Kevin Durant must carry flawed Team USA to fourth straight Olympic gold medal

With just under seven minutes left in the third quarter of the final Group A game of the men’s Olympic basketball tournament, United States star Kevin Durant lost his handle on the ball. As it slipped away from him, his team held a mere six-point lead over the Czech Republic. He’d broken an impressive record and had played brilliantly, but he had little company among his teammates.

Durant moved to retrieve the ball, and Czech Republic guard Tomas Satoransky came from the opposite direction — except Satoransky’s path carried him directly through Durant’s face. The collision drew a whistle, and a foul was called on Durant as he checked to see if all of his incisors and bicuspids were in their proper places.

Durant is the most important American player at this tournament. If Team USA is going to win a fourth consecutive gold medal in men’s basketball, he is going to have to do it for this squad because he is being required to compensate for so many roster issues, to function at various times as a point guard, center and high-scoring wing.

What had been an inert performance by the U.S., to that point, suddenly became animated. The Americans’ approach then could best be described as: Don’t get even, get mad.

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Soon came the unsportsmanlike foul called against Draymond Green when it appeared he was trying to be sportsmanlike, and then Durant getting plowed over the baseline on a breakaway layup. Though all of these calls either presented momentary opportunities to the Czechs or prevented minor calamities, they all fed into a U.S. team that had pretty much had enough. By the end of 40 minutes, it was USA 119, Czech Republic 84.

From the moment Durant got whacked in the face until the third period mercifully ended, the United States scored 29 points, the Czech Republic just 13. Things only got worse in the fourth quarter, a period spent resting Durant, feeding the confidence of Jayson Tatum and building the point differential to help get the Americans an advantaged seed in the quarterfinal round that starts Tuesday. Team USA made 21 of its first 25 second-half shots.

“The last two games, we’ve been playing basketball how we know we could play,” reserve wing Keldon Johnson said afterward. “First game, we were a little stagnant, a little hesitant. But as you’ve seen the last few games, we are playing freely and having fun.”

Durant’s sixth point against the Czechs broke the career record for U.S. men’s Olympians. That list includes Michael Jordan, David Robinson, LeBron James and Carmelo Anthony, the player Durant passed with a 3-pointer in transition in the second quarter. By halftime, he had 14 points, but the U.S. only held a 47-43 lead.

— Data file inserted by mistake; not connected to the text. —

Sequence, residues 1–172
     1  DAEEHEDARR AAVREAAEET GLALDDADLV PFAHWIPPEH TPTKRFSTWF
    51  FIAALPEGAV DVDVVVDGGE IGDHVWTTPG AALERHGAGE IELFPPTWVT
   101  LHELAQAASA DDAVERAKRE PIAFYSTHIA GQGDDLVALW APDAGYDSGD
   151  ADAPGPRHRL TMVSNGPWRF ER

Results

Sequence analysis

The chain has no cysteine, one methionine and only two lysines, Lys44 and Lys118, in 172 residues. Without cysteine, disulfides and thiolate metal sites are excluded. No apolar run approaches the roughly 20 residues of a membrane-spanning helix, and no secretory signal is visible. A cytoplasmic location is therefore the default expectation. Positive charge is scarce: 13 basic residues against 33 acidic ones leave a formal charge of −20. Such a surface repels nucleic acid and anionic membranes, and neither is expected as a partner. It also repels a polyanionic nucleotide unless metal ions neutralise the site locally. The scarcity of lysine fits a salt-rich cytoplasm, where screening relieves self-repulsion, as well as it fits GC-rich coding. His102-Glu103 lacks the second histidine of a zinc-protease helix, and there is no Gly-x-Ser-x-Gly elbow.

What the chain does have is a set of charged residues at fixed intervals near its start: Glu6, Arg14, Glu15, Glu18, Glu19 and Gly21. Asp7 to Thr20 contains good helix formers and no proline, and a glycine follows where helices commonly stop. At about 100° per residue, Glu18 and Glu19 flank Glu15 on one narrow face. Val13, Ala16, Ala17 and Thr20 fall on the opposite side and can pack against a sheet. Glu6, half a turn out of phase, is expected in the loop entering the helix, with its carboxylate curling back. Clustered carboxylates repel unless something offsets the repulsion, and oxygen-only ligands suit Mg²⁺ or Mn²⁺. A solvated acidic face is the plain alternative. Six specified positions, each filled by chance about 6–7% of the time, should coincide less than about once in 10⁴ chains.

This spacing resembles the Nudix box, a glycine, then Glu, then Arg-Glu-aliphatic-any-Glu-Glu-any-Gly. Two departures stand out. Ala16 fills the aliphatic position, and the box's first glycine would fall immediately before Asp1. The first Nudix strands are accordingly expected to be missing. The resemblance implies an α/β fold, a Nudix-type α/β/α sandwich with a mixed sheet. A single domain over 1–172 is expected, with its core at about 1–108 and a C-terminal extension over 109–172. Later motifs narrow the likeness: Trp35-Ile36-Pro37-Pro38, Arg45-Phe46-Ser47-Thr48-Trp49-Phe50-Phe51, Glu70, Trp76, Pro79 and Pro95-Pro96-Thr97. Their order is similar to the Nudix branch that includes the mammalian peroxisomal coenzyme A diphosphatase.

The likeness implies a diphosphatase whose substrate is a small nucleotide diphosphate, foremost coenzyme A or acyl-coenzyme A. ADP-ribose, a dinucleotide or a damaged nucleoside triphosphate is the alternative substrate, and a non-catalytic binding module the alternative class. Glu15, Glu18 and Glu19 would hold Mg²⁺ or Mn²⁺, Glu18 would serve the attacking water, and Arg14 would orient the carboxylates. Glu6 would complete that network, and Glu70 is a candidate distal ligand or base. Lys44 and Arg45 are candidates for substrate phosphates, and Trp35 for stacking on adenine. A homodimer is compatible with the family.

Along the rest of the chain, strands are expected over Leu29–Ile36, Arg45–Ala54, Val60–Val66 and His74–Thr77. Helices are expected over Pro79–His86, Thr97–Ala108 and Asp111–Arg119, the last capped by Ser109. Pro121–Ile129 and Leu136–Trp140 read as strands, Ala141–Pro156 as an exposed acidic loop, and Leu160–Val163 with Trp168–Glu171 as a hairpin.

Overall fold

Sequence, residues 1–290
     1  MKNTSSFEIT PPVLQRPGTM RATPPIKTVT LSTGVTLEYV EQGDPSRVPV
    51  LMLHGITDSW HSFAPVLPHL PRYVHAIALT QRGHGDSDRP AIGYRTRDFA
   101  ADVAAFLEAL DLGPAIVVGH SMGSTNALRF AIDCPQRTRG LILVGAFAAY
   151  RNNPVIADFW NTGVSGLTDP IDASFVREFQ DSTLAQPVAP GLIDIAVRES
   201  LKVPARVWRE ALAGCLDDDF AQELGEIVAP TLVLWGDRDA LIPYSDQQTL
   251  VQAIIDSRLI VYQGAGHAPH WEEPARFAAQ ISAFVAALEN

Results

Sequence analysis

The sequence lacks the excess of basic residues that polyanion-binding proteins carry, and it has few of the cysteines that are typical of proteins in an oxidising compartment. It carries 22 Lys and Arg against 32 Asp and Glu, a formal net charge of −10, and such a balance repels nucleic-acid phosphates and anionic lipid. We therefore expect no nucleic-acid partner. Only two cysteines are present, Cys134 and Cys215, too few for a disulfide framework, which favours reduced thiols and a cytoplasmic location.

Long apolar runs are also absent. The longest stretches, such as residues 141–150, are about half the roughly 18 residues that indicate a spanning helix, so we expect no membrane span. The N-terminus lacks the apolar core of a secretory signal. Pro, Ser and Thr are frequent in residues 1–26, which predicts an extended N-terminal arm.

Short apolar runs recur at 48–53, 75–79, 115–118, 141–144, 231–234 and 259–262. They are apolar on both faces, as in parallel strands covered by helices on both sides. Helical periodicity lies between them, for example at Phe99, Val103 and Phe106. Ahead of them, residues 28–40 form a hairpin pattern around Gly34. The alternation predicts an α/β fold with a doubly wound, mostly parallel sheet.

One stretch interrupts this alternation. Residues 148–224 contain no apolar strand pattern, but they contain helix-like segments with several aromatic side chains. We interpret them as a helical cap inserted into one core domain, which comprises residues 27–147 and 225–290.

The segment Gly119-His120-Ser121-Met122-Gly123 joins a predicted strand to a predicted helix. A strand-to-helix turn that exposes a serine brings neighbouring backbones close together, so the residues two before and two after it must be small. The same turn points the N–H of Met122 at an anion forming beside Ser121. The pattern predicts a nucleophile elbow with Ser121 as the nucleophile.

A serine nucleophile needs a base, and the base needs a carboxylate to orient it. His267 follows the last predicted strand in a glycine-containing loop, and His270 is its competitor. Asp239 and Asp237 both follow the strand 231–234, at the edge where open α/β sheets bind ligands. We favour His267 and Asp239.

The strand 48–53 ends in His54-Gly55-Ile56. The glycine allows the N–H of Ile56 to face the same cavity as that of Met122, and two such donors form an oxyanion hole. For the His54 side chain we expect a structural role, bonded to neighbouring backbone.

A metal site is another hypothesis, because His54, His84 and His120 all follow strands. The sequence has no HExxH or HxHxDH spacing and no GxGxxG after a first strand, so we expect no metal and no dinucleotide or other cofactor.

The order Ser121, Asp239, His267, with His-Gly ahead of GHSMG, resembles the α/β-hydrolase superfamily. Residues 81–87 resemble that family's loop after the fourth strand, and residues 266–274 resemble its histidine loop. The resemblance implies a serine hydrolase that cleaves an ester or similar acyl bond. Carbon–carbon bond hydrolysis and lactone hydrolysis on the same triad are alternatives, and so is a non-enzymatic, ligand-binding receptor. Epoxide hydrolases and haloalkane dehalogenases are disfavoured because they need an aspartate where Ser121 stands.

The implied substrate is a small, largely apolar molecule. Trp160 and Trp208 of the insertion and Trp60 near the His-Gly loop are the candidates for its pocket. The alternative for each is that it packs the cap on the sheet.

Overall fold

“We started off slow, but I think we got to what we wanted to do there in that second quarter, which is speed them up on defense and get out in transition and score some easy points,” Durant told NBC Sports. “And our guys were special tonight. Guys got to their points and knocked shots down.”

Nobody more so than Tatum, who averaged 26.4 points for the Celtics last season in the NBA but had made only three of his 12 attempts from the shorter 3-point line in the Olympic Games prior to Saturday.

“I just told Jayson to act like he’s playing the Spurs,” U.S. coach Gregg Popovich said in his postgame press conference. “Every time he plays against us, he scores 90.”

Tatum nailed as many threes in the final five minutes of this game as he had in the first 80 minutes of the Olympics. He scored 17 points in the fourth quarter, 21 following the Durant collision and 27 for the game.

“It felt good to just see some shots go in,” Tatum told NBC Sports. “I think we’re playing better each and every game, and that’s what we expected: to be better than we were last game throughout this tournament. On any given night, any guy on our team can do what I did tonight. I think that’s what makes us so dynamic.”

The problem if that’s going to be the approach — and it certainly seemed that way as the U.S. misspent an abundance of early possessions on one-pass shots or pull-ups by the player advancing the ball — is how to discover which player is going to deliver that “any given night” before the opposition has put the Americans in an uncomfortable position.

That’s where Durant has to be Durant. He must be the player he was from the start against the Czechs. When he departed the game, he was leading the team in points, rebounds and assists. He finished with 23 points on 8-of-11 shooting and with a team-best eight rebounds and six assists.

The team’s point guard, Damian Lillard, is better at conjuring his own shots than those of teammates, and so Durant compensates for that. The team’s centers are 6-8 Draymond Green and 6-9 Bam Adebayo, and they faced 7-footers in each of the three Group A games. So Durant helps there, with both rebounding and defending.

There is no way to know at this point to know who the Americans will play next. The quarterfinal matchups will be established by draw so that no teams could be tempted to tank a game to avoid a particular opponent in single-elimination play.

The top teams in each of the three groups — France, Australia and the winner of Sunday’s alluring Group C game between Spain and Slovenia — will be seeded and so will the best second-place team. Italy, the U.S. and whoever losses that Group C finale will have 2-1 records, so the tiebreaker is point differential. After wrecking Iran and the Czechs, the Americans have outscored their opponents by a combined 82 points. They are safe at No. 4, but challengers await in the knockout stage.

Popovich did a poor job in the opening loss to France of protecting Durant from foul trouble and thus got only 20 minutes from him. That can’t be afforded again.

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